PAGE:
|One of the counselors receiving his wages.|
"It’s like I’m hearing myself talk, only he's doing better,” Andrew said, turning my way.
“My goodness!” I replied.
It was a moment, where we saw the true fruit of everything that we have been teaching over the past three years. Marcellin got it! And he was contextualizing everything that he had learned to meet the ears of people from the village.
We brought Marcellin, our Leadership and Discipleship Coordinator to Masisi just after rebels finished looting a number of the villages that we work in. This includes the Mukohwa, the village where the Center is being built.
Both the children in our Peacemaker Program and the counselors who work with them ran for the bush. They had just returned a few days before we arrived.
|Marcellin doing the introduction to the pilot Phase 1 |
leadership-training that is launches in Masisi this month.
After collecting our children's' report cards, we found that 98 percent of them passed. Just over 25 percent are scoring a B or higher. This was encouraging.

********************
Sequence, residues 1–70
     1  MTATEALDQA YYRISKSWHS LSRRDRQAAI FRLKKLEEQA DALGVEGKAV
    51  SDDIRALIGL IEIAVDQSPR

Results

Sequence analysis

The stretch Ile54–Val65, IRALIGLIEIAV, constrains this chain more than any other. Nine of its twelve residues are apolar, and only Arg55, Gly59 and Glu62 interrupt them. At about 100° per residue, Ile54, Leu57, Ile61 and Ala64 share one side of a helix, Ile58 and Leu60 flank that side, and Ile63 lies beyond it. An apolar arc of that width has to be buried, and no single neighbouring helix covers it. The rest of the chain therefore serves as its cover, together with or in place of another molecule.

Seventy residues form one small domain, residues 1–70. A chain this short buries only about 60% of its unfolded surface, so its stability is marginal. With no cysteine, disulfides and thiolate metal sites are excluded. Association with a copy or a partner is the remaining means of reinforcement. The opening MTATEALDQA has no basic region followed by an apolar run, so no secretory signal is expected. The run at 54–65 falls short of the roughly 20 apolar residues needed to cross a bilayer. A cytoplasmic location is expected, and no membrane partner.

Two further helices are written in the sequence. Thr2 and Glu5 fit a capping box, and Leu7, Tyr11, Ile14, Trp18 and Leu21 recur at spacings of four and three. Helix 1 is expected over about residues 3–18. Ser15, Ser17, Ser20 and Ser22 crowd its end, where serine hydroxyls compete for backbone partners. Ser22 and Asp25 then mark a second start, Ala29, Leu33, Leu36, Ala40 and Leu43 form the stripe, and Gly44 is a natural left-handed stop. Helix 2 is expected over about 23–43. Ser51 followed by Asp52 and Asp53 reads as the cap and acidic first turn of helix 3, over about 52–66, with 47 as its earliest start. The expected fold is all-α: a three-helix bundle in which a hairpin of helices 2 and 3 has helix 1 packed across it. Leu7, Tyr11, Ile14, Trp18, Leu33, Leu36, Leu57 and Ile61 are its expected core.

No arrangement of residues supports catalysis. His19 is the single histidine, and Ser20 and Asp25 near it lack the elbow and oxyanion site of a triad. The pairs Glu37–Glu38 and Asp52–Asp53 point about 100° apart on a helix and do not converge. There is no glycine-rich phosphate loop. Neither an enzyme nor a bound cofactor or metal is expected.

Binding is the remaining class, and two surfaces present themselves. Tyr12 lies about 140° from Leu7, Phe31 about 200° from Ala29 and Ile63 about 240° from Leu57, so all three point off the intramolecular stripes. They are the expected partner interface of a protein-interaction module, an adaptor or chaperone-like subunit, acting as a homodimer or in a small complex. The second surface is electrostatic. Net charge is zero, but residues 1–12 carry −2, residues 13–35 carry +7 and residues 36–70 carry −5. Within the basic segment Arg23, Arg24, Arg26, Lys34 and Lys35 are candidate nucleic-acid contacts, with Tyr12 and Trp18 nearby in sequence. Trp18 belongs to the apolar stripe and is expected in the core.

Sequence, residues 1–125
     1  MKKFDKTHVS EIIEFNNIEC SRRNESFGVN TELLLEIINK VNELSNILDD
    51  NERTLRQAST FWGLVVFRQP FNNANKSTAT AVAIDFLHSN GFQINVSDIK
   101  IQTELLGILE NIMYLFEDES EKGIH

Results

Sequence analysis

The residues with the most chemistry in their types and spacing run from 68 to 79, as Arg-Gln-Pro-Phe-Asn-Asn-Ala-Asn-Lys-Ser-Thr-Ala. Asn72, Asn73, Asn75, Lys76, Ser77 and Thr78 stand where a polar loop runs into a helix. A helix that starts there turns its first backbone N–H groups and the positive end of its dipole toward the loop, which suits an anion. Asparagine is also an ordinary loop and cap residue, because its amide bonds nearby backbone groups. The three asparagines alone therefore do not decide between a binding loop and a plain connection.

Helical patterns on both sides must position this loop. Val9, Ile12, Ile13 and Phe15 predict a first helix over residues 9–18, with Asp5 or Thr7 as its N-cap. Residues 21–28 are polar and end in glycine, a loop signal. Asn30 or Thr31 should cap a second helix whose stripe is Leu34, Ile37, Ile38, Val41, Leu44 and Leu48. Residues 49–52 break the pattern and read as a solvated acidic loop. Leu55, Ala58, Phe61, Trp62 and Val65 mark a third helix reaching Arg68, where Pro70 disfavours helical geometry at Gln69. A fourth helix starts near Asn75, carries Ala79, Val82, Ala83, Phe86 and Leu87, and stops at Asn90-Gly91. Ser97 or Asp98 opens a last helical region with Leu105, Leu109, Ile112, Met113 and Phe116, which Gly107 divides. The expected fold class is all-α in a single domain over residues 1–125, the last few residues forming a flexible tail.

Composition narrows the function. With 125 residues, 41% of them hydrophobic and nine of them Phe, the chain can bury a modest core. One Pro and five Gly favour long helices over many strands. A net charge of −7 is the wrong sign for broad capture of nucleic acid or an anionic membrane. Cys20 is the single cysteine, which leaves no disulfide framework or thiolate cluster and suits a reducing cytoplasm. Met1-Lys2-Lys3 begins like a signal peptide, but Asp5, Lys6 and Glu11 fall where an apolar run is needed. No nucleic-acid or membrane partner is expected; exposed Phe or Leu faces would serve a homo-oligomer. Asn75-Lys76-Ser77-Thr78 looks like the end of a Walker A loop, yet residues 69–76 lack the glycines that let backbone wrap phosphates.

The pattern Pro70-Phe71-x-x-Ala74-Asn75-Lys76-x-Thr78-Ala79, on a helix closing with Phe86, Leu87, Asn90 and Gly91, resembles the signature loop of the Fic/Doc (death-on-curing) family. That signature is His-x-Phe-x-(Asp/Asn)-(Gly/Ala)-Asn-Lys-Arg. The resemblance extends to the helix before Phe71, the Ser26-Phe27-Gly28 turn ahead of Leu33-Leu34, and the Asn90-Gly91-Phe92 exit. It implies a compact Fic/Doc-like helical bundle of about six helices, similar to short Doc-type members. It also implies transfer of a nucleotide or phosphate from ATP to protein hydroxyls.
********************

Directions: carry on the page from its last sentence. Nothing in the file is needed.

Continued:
Our counselors requested additional curriculum to go through with the children during their weekly meetings.
“We sometimes read the Bible with them and discuss it, other times we take them out and kick a soccer ball around, other times we discuss issues that they face at home,” said Aime, one of the counselors. But the counselors definitely requested a formal manual that they can go over with their assigned particular group of Peacemakers.
We have known these counselors for nearly two years and walking with them through child protection training, the Empower Program and setting the foundation for the Peacemaker Program--- we have noticed an area that we want to focus on in more depth: their personal lives.
|Marcellin taking soil samples to test the soil composition.|
This helps determine the best crops for the area.
|Mom teaching a card trick to local children in Mukohwa|
|We were happy to have Mom visit us for two|
weeks in Congo. She accompanied us to
Masisi during this trip.